The new program includes in-demand retail products that are popular with younger shoppers, allowing growers to easily build a comprehensive succulent program and stay on-trend in the marketplace.

Read More
Strait-Laced Elderberry

September 10, 2017

Check Out the Top Varieties On Display at Farwest 2017

A panel of plant experts, along with show attendees, selected their favorite offerings during the Farwest 2017 New Varieties Showcase.

Read More

September 5, 2017

Hort Couture Announces New Propagation and Broker Partn…

The new grower-propagator partners are deeply vested in the independent garden center channel with propagation expertise, as well as finished production focused on the independent grower.

Read More
Helianthus Sunfinity (Syngenta Flowers)

September 3, 2017

Growing Tips for Helianthus Sunflower ‘Sunfinity…

This annual sunflower is a profuse bloomer with strong branching that produces multiple flowers per plant from spring to fall.

Read More
Ball Seed Field Day 2017

September 2, 2017

Highlights from Ball Seed’s Annual Field Day and Landsc…

Attendees of the one-day event had the opportunity to see new plants in up-close-and-personal trials, and engage with speakers and product experts.

Read More
Bidens Popstar (Kientzler)

August 31, 2017

Allan Armitage: Why I’ve Become a Fan of Bidens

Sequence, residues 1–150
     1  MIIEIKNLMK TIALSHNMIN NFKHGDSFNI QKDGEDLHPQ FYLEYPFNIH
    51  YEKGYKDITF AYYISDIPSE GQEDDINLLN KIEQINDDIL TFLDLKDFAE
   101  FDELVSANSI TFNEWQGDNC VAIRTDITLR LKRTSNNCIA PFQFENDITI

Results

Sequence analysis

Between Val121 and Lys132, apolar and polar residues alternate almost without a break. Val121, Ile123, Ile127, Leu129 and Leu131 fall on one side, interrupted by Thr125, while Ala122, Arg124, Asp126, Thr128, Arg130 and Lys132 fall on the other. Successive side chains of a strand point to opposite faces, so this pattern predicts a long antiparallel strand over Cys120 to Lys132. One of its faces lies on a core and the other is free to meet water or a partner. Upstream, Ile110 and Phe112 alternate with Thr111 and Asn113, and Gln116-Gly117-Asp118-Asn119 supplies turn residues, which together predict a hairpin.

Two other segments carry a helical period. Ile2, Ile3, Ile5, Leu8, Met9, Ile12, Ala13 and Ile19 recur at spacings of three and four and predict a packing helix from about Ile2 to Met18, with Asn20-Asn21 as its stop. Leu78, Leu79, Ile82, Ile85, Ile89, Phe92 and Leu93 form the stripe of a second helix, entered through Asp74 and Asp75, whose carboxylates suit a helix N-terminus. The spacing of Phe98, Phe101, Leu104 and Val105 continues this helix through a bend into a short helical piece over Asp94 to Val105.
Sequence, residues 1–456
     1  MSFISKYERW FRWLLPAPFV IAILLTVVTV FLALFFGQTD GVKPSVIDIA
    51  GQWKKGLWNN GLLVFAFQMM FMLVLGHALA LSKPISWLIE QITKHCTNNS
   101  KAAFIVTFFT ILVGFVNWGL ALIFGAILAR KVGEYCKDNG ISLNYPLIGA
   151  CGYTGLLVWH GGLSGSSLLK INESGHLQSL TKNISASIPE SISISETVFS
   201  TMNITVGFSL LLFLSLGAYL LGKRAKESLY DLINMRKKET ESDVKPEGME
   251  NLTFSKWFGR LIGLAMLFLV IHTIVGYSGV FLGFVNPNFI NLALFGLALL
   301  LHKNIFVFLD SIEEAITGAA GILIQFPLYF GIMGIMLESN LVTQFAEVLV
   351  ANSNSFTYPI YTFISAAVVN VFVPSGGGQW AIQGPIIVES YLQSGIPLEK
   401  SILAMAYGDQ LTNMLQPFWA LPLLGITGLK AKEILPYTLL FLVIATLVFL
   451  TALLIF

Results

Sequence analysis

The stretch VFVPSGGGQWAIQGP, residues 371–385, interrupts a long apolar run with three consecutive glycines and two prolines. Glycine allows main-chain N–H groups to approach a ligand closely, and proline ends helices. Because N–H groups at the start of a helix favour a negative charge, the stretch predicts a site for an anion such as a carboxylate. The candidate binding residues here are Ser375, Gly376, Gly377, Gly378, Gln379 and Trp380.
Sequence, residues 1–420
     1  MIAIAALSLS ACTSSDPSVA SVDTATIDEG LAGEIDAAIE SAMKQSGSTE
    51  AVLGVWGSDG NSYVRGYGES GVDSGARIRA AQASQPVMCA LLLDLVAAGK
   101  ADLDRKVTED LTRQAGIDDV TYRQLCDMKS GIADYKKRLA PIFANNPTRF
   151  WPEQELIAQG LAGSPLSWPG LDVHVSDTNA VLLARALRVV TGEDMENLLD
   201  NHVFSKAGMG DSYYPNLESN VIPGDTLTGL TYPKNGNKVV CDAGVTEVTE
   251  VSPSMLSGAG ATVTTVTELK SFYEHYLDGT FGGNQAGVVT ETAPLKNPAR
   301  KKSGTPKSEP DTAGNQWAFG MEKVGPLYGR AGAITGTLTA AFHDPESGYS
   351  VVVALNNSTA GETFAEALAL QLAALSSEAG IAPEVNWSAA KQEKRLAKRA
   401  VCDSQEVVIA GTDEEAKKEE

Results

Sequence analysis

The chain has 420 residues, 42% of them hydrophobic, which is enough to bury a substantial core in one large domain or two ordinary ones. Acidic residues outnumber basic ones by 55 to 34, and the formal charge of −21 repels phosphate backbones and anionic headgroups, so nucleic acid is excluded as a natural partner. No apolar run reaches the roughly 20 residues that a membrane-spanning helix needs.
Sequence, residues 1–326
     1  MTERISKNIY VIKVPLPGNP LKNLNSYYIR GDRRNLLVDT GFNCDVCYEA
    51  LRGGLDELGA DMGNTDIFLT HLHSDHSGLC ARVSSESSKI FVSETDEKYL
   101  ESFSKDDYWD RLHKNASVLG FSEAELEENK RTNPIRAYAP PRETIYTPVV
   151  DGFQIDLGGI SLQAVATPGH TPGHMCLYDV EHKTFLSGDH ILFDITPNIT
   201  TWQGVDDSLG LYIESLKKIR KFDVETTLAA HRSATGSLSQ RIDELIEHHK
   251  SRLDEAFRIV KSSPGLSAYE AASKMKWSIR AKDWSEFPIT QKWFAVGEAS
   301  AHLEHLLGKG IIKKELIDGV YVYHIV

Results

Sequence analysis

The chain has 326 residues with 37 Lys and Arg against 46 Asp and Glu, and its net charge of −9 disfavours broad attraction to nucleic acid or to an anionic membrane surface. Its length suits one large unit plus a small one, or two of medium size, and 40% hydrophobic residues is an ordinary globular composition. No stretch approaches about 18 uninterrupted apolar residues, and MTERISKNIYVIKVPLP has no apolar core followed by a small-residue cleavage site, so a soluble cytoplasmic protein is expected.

The rather boring plant with mundane daisy-yellow flowers has morphed into a vigorous plant carrying colorful flowers that seems to be comfortable in most of the country.

Read More

August 29, 2017

27 New Impatiens for Spring Color in 2018

Gardeners love impatiens because they are one of the few plants that offer stand-out, splashy blooms for shady areas, and in some cases full sun. There's no shortage of new introductions this year to choose from for your 2018 product mix. Here are 27 new and improved varieties to consider offering to your customers.  

Read More
Calandiva kalanchoes (Dümmen Orange) Feature

August 28, 2017

Lifestyle Plants Are in Full Bloom for Consumers

The latest decorating trends indicate consumers want hassle-free, colorful plants with big flowers — and growers are finding unique ways to cash in on these luxury-item sales.

Read More
Cuphea Fairy Dust Pink (Proven Winners) feature

August 26, 2017

Kelly Norris: Noteworthy Plants That Caught My Attentio…

Imagine the modern consumer getting so excited about a new plant that they shared the experience with a friend, perhaps not even a fellow gardening consumer.

Read More

August 20, 2017